(Loosely based on 'Red Riding Hood')
"Put your hands up!"
Was that a bullhorn? The cop's voice coming from behind Mandy Hood's car was extremely loud.
Why would he have followed her into her grandmother's driveway? And why did he have to yell, given she was parked? He could've just walked up and used his regular voice. Besides, it was a gorgeous April day, so shouldn't he be checking out the local donut shop or something?
She had to see what this guy looked like, so she glanced into the rearview mirror while flipping her long hair out of her eyes. The officer's car with the lights going sat behind the little red convertible she drove. Both of the cop's doors hung open with guns peeking out between the car's body and the open door, aimed right in her direction.
"I did nothing wrong," she yelled. "You made me speed and I couldn't pull over after I saw your lights and heard your siren. Those things are loud, as is your bullhorn. I should sue you for breaking my eardrums."
Always turn it around and blame someone else. That was Mandy's motto. It had worked in the past, so why not try it again.
Her cell phone rang. She leaned down and grabbed it from between the seats, checking the caller identification. A smile lifted her lips as she pressed talk and put it to her ear. "Oscar. You missed me, didn't you?" Her social life came first, not caring about the cops behind her. They certainly could wait.
"Absolutely, Babe," Oscar said. "Where are you? We're supposed to go out in an hour. You're not home and I need to know what to wear."
She glanced into the rearview mirror once more. "I don't think I'll be able to meet you tonight."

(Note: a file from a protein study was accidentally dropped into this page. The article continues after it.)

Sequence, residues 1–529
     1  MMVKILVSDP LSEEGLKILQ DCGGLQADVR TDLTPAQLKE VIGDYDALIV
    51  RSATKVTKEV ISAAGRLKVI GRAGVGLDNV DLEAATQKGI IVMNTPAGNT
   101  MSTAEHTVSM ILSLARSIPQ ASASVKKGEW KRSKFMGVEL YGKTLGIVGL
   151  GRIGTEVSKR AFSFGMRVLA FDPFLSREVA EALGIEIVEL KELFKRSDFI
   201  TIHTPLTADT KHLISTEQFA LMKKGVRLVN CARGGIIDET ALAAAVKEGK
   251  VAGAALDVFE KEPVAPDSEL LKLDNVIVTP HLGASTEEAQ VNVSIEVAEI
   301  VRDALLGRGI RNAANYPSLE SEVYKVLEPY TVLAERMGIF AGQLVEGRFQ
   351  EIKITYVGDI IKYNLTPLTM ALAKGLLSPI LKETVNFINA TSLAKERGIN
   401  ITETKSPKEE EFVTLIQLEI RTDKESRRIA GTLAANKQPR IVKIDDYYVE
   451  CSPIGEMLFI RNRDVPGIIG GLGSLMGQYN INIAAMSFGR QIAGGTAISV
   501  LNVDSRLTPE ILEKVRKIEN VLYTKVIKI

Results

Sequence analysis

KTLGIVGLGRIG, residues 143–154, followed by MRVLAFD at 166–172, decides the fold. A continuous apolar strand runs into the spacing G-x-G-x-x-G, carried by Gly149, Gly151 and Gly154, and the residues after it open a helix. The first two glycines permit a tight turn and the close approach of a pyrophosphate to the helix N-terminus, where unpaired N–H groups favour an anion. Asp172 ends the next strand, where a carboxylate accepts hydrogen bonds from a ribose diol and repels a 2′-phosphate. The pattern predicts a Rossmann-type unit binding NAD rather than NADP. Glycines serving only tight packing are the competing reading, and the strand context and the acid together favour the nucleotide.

"What? We have a date."
"Hang up the phone and drop your keys on the ground," the bullhorn bellowed. "Get out of the car with your hands up. This is your last warning."
"What was that?" Oscar asked.
Mandy cleared her throat, her eyes darting to the rearview mirror once more. "I'm bringing Granny Hood a birthday present."
"Granny Hood? She lives west of Austin. You're there?"
"Yeah. I forgot to tell you I was coming out here. Granny's turning 72 today and I thought it would be nice to visit her. Lookie…gotta run. Some cop thinks I'm cute or something. I'll put him in his place. Now, for tonight, wear that cool blue polo shirt and those new jeans you just bought. You'll look great. Then find someone else to date. You have my permission."
"I do?" He sounded like a kid in a candy store. "Thank you, Red."
Red Riding Hood was her nickname, from her last name of Hood and her red hair.
"Tootles." She ended the call, watching the action in the rearview mirror. She put down her phone and unbuckled her seatbelt. Once she opened her door and stood up, she turned toward the men, dropped the keys on the concrete driveway, and raised her hands. "What's going on?"
"Turn around!" the same male voice yelled, not using the bullhorn. He had a smooth southern accent, deep but sincere. She wondered if he was as handsome as his voice, suddenly knowing how she could get out of any ticket. She just had to flirt with this guy, once he came out from behind that door, and could get him to reconsider pulling in behind her car…well, her other grandmother's car. Granny Peach lived near her parents' home in Dallas, while Granny Hood lived in this backward town of Angel Springs, west of Austin. She was on her way to visit Granny Hood, her dad's mother.
"I said, turn around!" the cop yelled. "Are ya deaf?"
Arrogance. She didn't like that one bit, handsome or not.
Her hands flew to her hips as she whipped her hair back from her face. "I'm not deaf. I'm thinking. Why would I turn around? Are y'all going to shoot me in the back or something? I'd rather be shot in the front so I can see it coming."
They were definitely two men. But they were laughing at her?
"Put your hands up and turn around," the same voice yelled. "We won't shoot unless you don't do what we tell you to do."
"Fine." She rolled her eyes and lifted her arms a bit higher, her pink tank top showing off some of her stomach and skinny jeans. While trying not to fall off her pink stilettos, she inched around, turning her back toward the two men. "Is this better?" She was certain they were just checking her out.
All this for speeding? She hadn't even been going over the speed limit much, and wouldn't have been speeding at all if the cop hadn't been behind her, trying to pass.
"Back up," the voice said.
Mandy took a few steps backward, her hands still in the air.
"Good. Now get on your knees."
She turned her head so her voice would go over her shoulder. "Do you want me to do the Hokey Pokey, too, while I'm at it?"